WEST PALM BEACH, Fla. (AP) - It’s easy to see that Carlos Correa doesn’t feel well from across the Houston Astros clubhouse.
His face is partially obscured by the hood of a bright orange sweatshirt he pulled on after changing out of his street clothes on Saturday morning, but what you can of his face beneath the shadow of the hoodie isn’t the normal look for the charismatic 22-year-old shortstop.
“It’s so sore,” Correa mumbles.
The “it” he is referring to is his mouth. He had four wisdom teeth removed two days ago, a procedure that had to be done after a toothache developed last week. Correa remained swollen and on pain medication on Saturday as the Astros prepared for their first full squad workout.
Correa reported to camp on time on Friday and walked onto the field with the rest of the team the next day. But while his teammates donned their uniforms, he wore shorts and a different hooded sweatshirt. He is under doctor’s orders to avoid baseball activities and too much sun for the next 3-5 days.
Not the best scenario for a man eager to get back to work to prepare for the season.
“You want to show up to spring training ready to go and ready to go out there with your teammates and practice and get things going,” Correa said. “So obviously this is not what I wanted, but I’d rather have this now than during the season.”
Correa is coming off his first full season in the majors, in which he hit .274 with 20 homers, 36 doubles and 96 RBIs. Though most people would consider that a successful season, the top overall pick in the 2012 draft was disappointed he didn’t do more last year to help the Astros reach the playoffs.
It’s a feeling that stayed with him throughout the offseason and led him to one simple personal goal for this year.
“I want my performance to be way better than last season so I can help my team make the playoffs,” he said. “I didn’t do that last year, so I feel like I need to do that this year.”
His lofty expectations could have come from what he did in his rookie season, when he hit .279 with 22 homers, 22 doubles and 68 RBIs in just 99 games to earn the AL Rookie of the Year award and lead the Astros to their first postseason appearance in a decade.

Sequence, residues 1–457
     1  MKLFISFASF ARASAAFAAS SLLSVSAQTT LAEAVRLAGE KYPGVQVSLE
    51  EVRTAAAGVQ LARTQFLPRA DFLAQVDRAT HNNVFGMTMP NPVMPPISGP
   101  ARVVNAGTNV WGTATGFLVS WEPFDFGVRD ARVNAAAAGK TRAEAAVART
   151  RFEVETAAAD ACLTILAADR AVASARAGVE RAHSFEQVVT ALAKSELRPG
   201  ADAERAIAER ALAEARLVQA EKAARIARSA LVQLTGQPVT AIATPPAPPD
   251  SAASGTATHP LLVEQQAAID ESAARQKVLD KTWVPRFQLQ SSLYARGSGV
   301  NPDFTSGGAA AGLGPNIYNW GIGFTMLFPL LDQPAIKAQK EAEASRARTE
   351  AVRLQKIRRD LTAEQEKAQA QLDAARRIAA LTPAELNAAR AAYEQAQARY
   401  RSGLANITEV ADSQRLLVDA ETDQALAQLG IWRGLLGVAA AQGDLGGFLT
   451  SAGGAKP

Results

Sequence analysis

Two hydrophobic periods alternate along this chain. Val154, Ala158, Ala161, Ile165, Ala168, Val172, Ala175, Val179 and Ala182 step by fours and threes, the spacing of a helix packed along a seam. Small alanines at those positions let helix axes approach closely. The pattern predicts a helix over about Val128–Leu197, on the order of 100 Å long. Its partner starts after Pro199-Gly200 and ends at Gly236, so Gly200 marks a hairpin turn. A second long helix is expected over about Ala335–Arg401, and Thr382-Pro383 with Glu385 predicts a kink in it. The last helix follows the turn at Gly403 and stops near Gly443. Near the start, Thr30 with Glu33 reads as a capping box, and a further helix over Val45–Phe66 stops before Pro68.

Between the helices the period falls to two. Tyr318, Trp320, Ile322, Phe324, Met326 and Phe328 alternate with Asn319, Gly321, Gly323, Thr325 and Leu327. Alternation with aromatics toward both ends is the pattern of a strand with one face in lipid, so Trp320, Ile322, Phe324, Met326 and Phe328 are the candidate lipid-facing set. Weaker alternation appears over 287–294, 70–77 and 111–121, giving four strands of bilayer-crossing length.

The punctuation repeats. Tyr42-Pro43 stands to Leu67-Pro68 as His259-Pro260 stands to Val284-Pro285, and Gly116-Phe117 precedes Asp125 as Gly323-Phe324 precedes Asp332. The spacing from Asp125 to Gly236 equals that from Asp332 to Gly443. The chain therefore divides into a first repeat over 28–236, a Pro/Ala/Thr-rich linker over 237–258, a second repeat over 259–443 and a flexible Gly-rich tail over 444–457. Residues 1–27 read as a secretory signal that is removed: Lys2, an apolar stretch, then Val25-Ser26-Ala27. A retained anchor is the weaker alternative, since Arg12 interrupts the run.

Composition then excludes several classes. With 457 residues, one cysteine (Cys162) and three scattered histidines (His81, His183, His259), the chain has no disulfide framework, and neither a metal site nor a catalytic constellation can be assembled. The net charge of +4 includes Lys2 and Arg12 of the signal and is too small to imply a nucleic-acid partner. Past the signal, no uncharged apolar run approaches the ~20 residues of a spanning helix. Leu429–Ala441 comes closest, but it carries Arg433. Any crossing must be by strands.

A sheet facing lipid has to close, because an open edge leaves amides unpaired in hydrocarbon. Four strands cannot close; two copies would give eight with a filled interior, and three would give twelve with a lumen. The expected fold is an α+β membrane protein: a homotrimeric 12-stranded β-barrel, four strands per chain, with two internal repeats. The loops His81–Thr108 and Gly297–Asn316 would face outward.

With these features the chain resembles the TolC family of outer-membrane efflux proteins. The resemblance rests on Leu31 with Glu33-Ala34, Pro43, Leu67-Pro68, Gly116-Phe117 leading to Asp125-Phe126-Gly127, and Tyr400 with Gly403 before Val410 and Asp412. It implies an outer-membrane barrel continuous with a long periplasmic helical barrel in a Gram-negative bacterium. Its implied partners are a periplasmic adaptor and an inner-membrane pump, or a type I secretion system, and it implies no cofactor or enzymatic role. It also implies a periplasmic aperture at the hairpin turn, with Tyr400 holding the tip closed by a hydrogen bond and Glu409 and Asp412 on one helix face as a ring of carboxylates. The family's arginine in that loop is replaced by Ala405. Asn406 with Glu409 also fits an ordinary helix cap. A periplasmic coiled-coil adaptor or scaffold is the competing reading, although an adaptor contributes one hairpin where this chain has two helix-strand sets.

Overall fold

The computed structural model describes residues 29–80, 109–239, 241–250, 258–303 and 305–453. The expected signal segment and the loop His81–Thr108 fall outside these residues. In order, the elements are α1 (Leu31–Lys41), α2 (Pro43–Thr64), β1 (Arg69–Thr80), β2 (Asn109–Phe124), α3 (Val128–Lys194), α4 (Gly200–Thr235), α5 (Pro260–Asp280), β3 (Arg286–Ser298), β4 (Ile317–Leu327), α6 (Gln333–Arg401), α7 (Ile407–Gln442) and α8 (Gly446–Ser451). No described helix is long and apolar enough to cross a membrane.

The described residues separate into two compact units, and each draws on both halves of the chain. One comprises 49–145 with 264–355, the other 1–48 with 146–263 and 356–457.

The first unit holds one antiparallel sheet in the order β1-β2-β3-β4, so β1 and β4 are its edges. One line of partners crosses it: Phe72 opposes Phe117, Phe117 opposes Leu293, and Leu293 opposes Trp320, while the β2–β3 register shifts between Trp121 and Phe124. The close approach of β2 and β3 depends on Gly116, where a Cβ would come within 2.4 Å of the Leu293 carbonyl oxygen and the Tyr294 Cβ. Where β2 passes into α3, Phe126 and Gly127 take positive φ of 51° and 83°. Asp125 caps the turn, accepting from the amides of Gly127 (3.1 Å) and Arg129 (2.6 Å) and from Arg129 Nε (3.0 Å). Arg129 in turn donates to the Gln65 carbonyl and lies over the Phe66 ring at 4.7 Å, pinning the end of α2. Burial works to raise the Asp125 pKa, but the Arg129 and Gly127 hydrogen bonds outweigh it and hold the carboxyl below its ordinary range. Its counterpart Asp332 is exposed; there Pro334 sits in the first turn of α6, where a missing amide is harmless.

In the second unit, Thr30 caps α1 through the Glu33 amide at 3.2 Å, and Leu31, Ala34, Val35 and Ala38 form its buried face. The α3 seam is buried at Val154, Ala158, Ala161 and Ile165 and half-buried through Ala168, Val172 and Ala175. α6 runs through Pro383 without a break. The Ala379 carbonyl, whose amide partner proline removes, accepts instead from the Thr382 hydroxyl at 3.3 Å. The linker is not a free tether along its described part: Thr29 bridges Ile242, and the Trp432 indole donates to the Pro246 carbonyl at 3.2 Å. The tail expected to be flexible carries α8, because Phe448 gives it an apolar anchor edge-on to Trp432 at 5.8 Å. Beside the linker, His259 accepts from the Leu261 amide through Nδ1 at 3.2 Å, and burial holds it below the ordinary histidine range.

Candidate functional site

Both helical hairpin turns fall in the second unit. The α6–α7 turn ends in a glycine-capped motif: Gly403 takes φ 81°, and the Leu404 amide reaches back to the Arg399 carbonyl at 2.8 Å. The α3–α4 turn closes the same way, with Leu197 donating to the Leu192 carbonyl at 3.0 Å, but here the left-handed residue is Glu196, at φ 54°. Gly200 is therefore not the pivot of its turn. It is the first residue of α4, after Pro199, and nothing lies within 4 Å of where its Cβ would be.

“I think when you’re as notable as Carlos Correa, when he comes to the big leagues, the expectations that are put upon him are incredible,” manager A.J. Hinch said. “I got asked a lot of questions like: ‘Was it a disappointment? Did he take a step backward?’ And I think when you take a step back and look at the numbers and look at how productive he was, while it might not have been a perfect year, it was a pretty productive year.”
But “pretty productive” is not good enough for the overachieving Correa, who implored his parents to enroll him in a bilingual school when he was in elementary in Puerto Rico because he wanted to be able to speak for himself in English when he became a major league player.
Now that he’s entering his third season in the majors, Correa believes that Houston finally has the team to contend for a title.
“Obviously this year (the goal) is going all the way,” he said. “We want to go all the way and the mentality we have is to go to the World Series this year and that’s what we want to accomplish.”
While Correa is still dealing with the pain of having his wisdom teeth removed, a shoulder problem that dogged him late last season is behind him thanks to offseason rest and treatment.
“The last month and a half I struggled with my shoulder, but it’s healthy now,” he said. “I took care of it in the offseason and I’m back to 100 percent so I’m really excited about that.”
The Astros have always valued Correa’s work ethic but were shown his grit last year when he refused to sit out while he struggled with a shoulder ailment so painful that it hurt with every swing he took.
“He posted in the lineup every day even though he didn’t feel great … and did the best he could,” Hinch said. “So I think he’s a driven athlete that will also consider last season less than his best even though last season was pretty good.”
This year he’s thrilled not only for the possibilities for this team, but for the opportunity to play alongside fellow Puerto Rican Carlos Beltran, whom the Astros signed in the offseason.
Houston believes the 19-year veteran will be an important leader for Correa, Jose Altuve and the rest of the team’s young stars.
“I can’t wait to learn so much from him,” Correa said. “The way he takes care of his body, the way he goes about his business is what makes him so special. He’s going to bring a lot to the table, he’s going to bring a lot to this team and I can’t wait to learn next to him.”
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